Music News & Reviews

Lexington Music Awards director finds his isn’t a job for a one-man band

Hybrid the Rapper accepts his award for best hip hop at the first annual Lexington Music Awards.
Hybrid the Rapper accepts his award for best hip hop at the first annual Lexington Music Awards.

David McLean learned a lot last year, staging the first Lexington Music Awards.

Chief among them is that an awards show is a different animal from a concert.

“I’m a producer, and I’ve produced shows before and bands in studios, and I’m hands on, but I’m not a micromanaging producer,” McLean says, relaxing in a front row seat at the Lyric Theatre and Cultural Arts Center, where the second annual ceremony will take place Sunday.

“The biggest task is making everything come together on that day, because you’re dealing with everything from the program guides and posters and media outreach and all the things that go in addition to the actual show.”

An awards show has a lot more moving parts than a concert, including emcees, presenters, multiple performers and ... well ... awards.

McLean, a Lexington musician and music teacher, conceived of the awards late in 2014 as a way to bring the Lexington Music Community together and bring greater exposure to the area music scene. He hustled together a nominations process where nominees were selected by popular vote and then the nominees voted for the winners.

One of the first lessons McLean says he learned was that the music community is bigger than he and others perceived it to be. For example, he notes an assumption in some circles that local music is what happens at downtown clubs such as Al’s Bar and Cosmic Charlie’s.

“Then you have a club like Austin City that’s been ongoing for like 35 years, if I’m not mistaken,” McLean says of the Woodhill Drive country establishment that has actually been around 33 years and been a nominee from best live music venue both years of the awards. “That’s sort of an indication that there is still a bit of compartmentalization and fragmentation to the scene.

“That’s fine, but if you get people together from those scenes, that helps.”

And that was something McLean wanted to ramp up with this year’s event: getting more collaboration on stage, like a performance by local pop and rock singers Sydney Cubit and Rhyan Sinclair with jazz vocalist Jeana Pillion of the jazz groups Soljam and Young at Heart. The event also boasts a hip hop trio of Devine Carama, Hybrid the Rapper and Sheisty Khrist.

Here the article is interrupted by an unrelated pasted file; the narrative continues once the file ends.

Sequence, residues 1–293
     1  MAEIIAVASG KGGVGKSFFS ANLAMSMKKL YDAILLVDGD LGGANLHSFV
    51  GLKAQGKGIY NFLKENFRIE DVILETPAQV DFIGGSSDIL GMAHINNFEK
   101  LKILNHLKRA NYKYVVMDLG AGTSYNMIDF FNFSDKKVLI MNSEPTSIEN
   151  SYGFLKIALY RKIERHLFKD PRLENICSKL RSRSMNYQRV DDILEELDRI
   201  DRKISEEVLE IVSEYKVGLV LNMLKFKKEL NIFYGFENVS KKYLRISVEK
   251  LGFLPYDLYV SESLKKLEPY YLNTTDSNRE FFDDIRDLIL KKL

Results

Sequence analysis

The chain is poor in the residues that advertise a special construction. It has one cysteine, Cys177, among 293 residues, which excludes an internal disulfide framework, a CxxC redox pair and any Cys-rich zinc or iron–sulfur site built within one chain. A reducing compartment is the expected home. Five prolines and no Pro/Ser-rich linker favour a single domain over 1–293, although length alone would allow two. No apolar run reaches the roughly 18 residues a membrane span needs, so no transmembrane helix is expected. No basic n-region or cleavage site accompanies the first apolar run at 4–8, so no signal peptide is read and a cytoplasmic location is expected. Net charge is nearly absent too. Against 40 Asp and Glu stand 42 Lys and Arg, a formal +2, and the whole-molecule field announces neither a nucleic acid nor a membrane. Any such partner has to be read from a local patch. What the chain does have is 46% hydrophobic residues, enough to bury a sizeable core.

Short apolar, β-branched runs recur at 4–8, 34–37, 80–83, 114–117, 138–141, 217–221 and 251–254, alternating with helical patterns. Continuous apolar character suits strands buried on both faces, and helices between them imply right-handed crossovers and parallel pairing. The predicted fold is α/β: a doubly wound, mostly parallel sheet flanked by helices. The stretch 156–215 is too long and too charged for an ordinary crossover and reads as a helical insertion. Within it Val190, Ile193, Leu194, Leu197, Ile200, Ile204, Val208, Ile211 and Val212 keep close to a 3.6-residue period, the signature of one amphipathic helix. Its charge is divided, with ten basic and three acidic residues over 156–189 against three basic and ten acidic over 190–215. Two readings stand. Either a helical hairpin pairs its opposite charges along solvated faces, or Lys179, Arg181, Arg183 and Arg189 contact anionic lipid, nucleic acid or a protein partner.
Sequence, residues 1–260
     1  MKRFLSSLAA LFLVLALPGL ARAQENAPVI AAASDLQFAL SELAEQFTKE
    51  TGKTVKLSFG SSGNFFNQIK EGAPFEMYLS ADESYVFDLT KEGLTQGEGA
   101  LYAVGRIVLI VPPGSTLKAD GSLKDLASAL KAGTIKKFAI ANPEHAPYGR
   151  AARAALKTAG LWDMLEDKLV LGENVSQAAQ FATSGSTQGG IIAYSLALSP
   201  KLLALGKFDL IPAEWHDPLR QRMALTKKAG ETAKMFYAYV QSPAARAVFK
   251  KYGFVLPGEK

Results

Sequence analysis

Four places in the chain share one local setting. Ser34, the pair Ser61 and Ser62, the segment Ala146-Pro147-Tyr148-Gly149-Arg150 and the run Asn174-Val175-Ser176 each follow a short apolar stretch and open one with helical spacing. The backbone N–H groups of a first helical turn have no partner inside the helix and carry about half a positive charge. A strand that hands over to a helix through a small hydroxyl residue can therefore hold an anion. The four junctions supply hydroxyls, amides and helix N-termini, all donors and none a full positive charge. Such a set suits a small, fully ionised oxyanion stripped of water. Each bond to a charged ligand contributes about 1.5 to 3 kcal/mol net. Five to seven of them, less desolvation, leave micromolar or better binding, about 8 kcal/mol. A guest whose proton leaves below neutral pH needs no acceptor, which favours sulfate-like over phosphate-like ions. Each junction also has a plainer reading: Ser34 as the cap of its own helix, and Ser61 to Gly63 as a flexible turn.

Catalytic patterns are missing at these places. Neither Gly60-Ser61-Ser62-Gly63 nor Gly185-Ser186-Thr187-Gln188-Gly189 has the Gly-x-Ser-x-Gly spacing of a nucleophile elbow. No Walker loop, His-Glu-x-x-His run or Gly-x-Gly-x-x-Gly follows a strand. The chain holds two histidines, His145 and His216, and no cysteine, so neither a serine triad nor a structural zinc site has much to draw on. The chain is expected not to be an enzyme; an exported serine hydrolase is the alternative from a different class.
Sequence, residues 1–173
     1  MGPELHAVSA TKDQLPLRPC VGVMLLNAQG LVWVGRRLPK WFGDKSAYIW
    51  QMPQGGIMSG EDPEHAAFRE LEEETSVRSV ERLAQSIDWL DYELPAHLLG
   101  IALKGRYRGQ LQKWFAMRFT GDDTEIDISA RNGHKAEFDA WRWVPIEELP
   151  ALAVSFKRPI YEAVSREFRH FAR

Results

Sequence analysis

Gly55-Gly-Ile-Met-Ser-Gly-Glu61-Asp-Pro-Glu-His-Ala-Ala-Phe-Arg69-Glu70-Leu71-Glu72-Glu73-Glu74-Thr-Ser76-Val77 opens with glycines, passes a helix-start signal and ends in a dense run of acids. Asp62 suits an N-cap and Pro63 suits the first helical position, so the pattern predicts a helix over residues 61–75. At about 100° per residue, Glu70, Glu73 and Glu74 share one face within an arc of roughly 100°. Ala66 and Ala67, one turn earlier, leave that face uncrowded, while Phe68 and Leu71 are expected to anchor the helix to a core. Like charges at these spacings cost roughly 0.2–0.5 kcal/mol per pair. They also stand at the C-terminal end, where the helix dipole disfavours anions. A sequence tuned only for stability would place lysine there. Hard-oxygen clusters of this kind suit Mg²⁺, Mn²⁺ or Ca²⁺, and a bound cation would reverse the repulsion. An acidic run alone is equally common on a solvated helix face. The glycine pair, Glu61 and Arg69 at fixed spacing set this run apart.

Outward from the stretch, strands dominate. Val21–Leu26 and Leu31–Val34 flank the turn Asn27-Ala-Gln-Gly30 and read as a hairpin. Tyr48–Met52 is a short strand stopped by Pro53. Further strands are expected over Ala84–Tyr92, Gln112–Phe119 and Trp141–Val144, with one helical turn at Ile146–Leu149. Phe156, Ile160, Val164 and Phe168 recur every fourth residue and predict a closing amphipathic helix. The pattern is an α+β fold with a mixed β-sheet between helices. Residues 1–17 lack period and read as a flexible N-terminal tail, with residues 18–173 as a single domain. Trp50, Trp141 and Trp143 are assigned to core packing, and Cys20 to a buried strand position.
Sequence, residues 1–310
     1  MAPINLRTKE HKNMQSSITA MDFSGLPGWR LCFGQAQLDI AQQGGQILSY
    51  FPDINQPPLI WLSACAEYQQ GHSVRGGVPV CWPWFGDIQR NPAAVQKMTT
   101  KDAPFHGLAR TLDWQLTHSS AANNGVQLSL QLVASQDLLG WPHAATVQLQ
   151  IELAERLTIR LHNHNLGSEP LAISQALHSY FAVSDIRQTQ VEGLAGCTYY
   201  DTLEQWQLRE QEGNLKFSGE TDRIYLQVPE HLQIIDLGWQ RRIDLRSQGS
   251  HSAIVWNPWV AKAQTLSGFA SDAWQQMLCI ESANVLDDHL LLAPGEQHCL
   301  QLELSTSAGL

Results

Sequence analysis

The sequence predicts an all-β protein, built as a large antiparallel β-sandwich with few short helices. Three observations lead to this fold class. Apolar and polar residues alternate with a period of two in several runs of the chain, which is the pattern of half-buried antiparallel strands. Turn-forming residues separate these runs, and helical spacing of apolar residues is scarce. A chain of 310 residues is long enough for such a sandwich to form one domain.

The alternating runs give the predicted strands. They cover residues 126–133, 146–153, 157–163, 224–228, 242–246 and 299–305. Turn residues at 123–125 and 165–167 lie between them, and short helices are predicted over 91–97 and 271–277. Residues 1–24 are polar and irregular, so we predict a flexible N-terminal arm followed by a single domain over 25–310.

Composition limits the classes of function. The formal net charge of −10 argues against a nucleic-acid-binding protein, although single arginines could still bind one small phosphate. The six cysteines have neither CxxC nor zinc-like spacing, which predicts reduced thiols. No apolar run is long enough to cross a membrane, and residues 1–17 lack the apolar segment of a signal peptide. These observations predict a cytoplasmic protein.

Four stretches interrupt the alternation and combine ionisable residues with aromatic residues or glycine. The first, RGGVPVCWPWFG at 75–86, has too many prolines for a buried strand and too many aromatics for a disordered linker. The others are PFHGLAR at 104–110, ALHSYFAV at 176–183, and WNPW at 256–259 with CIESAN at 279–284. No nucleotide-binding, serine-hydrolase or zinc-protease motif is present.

McLean and his crew decided that they didn’t like the dynamic of having recorded music play when winners are announced at an event highlighting live, local music. So this year, The Twiggenburys will serve as a house band and foils for hosts Bill Meck and Angie Beavin of WLEX-TV.

The awards have benefited from having many people involved with many ideas, he said. His right-hand person this year has been Marcie Timmerman, who has lent a hand in fund raising, social media and other organizational bits and pieces.

“I’m helping behind the scenes to make sure things get done and they are where they are,” Timmerman says. “And I try to get David to delegate more.”

While he says he’s not a micromanager, McLean says he does suffer from an aversion to taking people up on their offers to help.

“I feel bad because nobody’s getting paid,” McLean says. “We don’t really have a budget yet. We’re at sort of a skin-of-the-teeth, break-even point. So I need to get better at delegating when people volunteer and take it as, they’re volunteering because they really want to help, instead of feeling bad that I can’t pay them and trying to do it myself.

“I need to go hang out with Michael Jonathan a day or two, because he’s really good at letting people help,” McLean adds, referring to the Lexington musician whose Woodsongs Old-Time Radio Hour is staged weekly with a volunteer crew.

McLean says that last year, “I was dashing back and forth like a chicken with my head cut off checking everything, and then I suddenly realized, ‘Everybody’s got it. I just need to calm down,’ and I literally stood back and just watched the show from the side.

“The team we have is fantastic, and they’re going to make me irrelevant very soon, which is the goal in all honesty.”

Rich Copley: 859-231-3217, @LexGoKY

If You Go

Lexington Music Awards

When: 6 p.m. Jan. 31

Where: Lyric Theatre and Cultural Arts Center, 300 E. Third St.

Tickets: $15

Online: lexingtonmusicawards.org, lexingtonlyric.tix.com

Call: 859-280-2218

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